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Cover image for Creating a countdown timer RxJS vs Vanilla JS
Jinto Jose
Jinto Jose

Posted on • Updated on

Creating a countdown timer RxJS vs Vanilla JS

Let's see our requirements.

  1. Create a Countdown timer
  2. start button which will start the timer from the current stage
  3. pause button which will pause the timer, so that, we can resume the timer on clicking start again
  4. stop button which will stop the timer, and reset the timer number.

Timer

Let's see how we can do with Vanilla JS.

<h3 id="result"></h3>
<button id="startBtn">Start</button>
<button id="pauseBtn">Pause</button>
<button id="stopBtn">Stop</button>
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Let's first select the elements and add click listeners

const startBtn = document.querySelector('#startBtn');
const stopBtn = document.querySelector('#stopBtn');
const pauseBtn = document.querySelector('#pauseBtn');
const result = document.querySelector('#result');

startBtn.addEventListener('click', () => {
  //start the interval
});

stopBtn.addEventListener('click', () => {
  //stop the interval and reset value in HTML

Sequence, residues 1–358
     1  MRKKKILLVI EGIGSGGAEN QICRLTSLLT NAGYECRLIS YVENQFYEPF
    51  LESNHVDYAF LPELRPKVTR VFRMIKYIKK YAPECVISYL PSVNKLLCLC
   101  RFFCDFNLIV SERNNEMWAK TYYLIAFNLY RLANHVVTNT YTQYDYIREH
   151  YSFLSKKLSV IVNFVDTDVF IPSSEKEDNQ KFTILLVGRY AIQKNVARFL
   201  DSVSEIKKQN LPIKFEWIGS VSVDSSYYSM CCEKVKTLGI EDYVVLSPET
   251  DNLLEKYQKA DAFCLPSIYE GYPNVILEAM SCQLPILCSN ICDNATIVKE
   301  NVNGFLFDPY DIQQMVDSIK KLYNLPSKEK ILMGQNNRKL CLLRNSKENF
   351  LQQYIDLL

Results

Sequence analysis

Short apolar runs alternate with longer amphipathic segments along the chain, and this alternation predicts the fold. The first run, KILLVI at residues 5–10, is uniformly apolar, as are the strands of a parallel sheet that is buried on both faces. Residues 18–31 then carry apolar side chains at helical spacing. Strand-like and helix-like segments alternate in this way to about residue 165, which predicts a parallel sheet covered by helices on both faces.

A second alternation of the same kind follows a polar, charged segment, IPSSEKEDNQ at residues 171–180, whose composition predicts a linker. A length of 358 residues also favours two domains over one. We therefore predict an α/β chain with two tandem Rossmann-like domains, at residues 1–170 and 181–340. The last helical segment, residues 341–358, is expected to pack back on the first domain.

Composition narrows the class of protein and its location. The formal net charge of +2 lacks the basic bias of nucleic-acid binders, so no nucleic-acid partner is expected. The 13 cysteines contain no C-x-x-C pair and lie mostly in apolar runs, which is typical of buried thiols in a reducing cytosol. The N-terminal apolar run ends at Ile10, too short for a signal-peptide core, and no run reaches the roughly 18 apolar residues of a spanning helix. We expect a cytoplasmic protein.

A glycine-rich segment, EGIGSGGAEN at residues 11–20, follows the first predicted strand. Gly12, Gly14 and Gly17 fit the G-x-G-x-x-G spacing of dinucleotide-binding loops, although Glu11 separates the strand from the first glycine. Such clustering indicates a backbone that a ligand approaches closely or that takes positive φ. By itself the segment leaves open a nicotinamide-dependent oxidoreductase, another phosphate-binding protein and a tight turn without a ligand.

});

pauseBtn.addEventListener('click', () => {
  // pause the interval
});

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We will have to create few variables.

  1. to store the current value
  2. to store the initial value
  3. to store the interval ( Since we want to do an action continuously on a specific interval, we will use setInterval )
let interval;
const initialValue = 10;
let currentValue = initialValue;
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We will also set the current value to the HTML

result.innerHTML = `${currentValue}`;
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Now, we will create the function to start the timer and call this function on click of start button

const startInterval = () => {
  clearInterval(interval);

  interval = setInterval(() => {
    currentValue -= 1;
    if (currentValue <= 0) {
      currentValue = initialValue;
      clearInterval(interval);
    }
    result.innerHTML = `${currentValue}`;
  }, 1000);
};

startBtn.addEventListener('click', () => {
  startInterval();
});
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On click of stop button, we will clear the interval, and also reset the value.

stopBtn.addEventListener('click', () => {
  currentValue = initialValue;
  clearInterval(interval);
  result.innerHTML = `${currentValue}`;
});

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On click of Pause button, we are just clearing the interval, and not resetting the value.

pauseBtn.addEventListener('click', () => {
  clearInterval(interval);
});
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Here is the whole code.

Now, lets try the same with RxJS

First, same selectors again

const startBtn = document.querySelector('#startBtn');
const stopBtn = document.querySelector('#stopBtn');
const pauseBtn = document.querySelector('#pauseBtn');
const counterDisplayHeader = document.querySelector('h3');
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Now, lets create event streams for the button clicks

const startClick$ = fromEvent(startBtn, 'click');
const stopClick$ = fromEvent(stopBtn, 'click');